The federal government has “no need” for a “one-time infusion of cash”? The federal government is one slight downturn away from rooting through the cushions of congressional office furniture to pick up spare change! And the preferred method of privatizing the postal service is to turn it into a workers’ collective? That’ll definitely staunch the bleeding from excess union influence.

Want a better model? The answer — and it’s always a bad sign when you have to say this — is to follow Europe’s lead and embrace full-tilt privatization.

Kudos to Slate and Mr. Yglesias for at least leaning in the right direction. But the defect with this analysis — as with the Postal Service itself — is that the time for half-measures is well behind us.

August 1st, 2012 at 1:44 pm
Louisiana Teachers Unions Fight a Desperate Rearguard
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A few months ago, I authored a column here touting the extraordinary accomplishments of Louisiana Governor Bobby Jindal in enacting perhaps the most sweeping piece of education reform in the country. Part of what made the reform possible, I noted at the time, was the relative weakness of teacher unions in the Pelican State:

The laws passed by the Louisiana legislature last week read like a conservative education reformer’s wish list. Teacher tenure, which previously required three years of employment, will now be contingent on educators receiving a “highly effective” rating in five out of six consecutive years. Back-to-back “ineffective” ratings will be a firing offense. Seniority will no longer be a dominant factor in layoff decisions. Decisions about teacher employment and pay will largely devolve to principals and superintendents (they had previously been dominated by local school boards), allowing them to act with the dispatch becoming of an executive.

The reforms go well beyond personnel matters, however. They open up opportunities for charter schools, allowing new providers to enter the market. They offer vouchers that will allow poor and middle-income children in Louisiana’s worst schools to attend private or parochial institutions. They even expand opportunities for online learning.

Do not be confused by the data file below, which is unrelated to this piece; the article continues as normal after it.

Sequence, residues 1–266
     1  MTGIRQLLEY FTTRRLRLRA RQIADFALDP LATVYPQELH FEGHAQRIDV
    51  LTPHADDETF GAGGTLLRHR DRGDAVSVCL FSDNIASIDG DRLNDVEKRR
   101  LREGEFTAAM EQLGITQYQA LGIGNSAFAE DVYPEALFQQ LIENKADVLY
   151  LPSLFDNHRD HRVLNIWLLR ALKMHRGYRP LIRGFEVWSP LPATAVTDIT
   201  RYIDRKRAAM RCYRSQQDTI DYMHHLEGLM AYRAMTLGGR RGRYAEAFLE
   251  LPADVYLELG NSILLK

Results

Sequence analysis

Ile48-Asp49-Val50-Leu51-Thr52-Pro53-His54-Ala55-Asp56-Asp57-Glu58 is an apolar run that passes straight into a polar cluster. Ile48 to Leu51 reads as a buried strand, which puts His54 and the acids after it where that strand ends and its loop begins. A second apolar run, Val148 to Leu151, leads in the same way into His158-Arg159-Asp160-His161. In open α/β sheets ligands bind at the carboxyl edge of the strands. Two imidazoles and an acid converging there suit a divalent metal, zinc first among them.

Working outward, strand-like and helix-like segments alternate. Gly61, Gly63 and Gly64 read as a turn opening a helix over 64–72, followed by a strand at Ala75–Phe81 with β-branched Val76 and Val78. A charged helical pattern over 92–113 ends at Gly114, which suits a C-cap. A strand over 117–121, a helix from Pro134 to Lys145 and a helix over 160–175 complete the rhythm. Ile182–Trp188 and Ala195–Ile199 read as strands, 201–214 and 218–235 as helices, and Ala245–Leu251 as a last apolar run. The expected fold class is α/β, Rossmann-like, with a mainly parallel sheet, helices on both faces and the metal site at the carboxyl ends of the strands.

Had Jindal tried something nearly as audacious in a union-dominated state like California, Illinois or New York, the proposal surely would have been stillborn in committee. But in right-to-work Louisiana, where the unions aren’t subsidized by compulsory membership, the best that organized labor can do is flail in anger after the fact. And flail they have.

Well, the flailing is now reaching a crescendo. As is the tendency of unions that can’t win arguments at the ballot box, organized labor is now taking the fight to the courts. From the Wall Street Journal (subscription required):

On Thursday, lawyers representing the unions faxed letters to about 100 of the 119 schools that are participating in the voucher program. “Our clients have directed us to take whatever means necessary,” the letter reads. Unless the school agrees to turn away voucher students, “we will have no alternative other than to institute litigation.” The letter demanded an answer in writing by the next day.

Louisiana’s voucher program is adjusted for family income and is intended above all to give a shot at a decent education to underprivileged minorities, who are more likely to be relegated to the worst public schools. Forty-four percent of Louisiana public schools received a D or F ranking under the state’s grading system, and some 84% of the kids in the program come from one of those low-performing schools.

Demand for vouchers has been overwhelming: There were 10,300 applications for 5,600 slots. Despite claims to the contrary by school-choice opponents, low-income parents can and do act rationally when it comes to the education of their children.

That last sentence, I think, says it all. Liberals — who reflexively bay about the plight of the underclass — are actively complicit in keeping them “under”; that is, in denying them both opportunity and aspiration. They are there for the poor only to the extent that it does not conflict with the interests of one of their client groups. In this instance, they have chosen the pecuniary interests of the unions over the future of Louisiana’s children. There is much shame in that. Citizens of Louisiana would do well to make them bear it.

May 14th, 2012 at 12:12 pm
Another Big Labor Failure: America’s Only Unionized Strip Club Likely to Close
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One can only imagine the emotional travails of being a devoted liberal; of being completely seduced by the philosophical purity of your ideals, only to so regularly see them falsified by practical experience.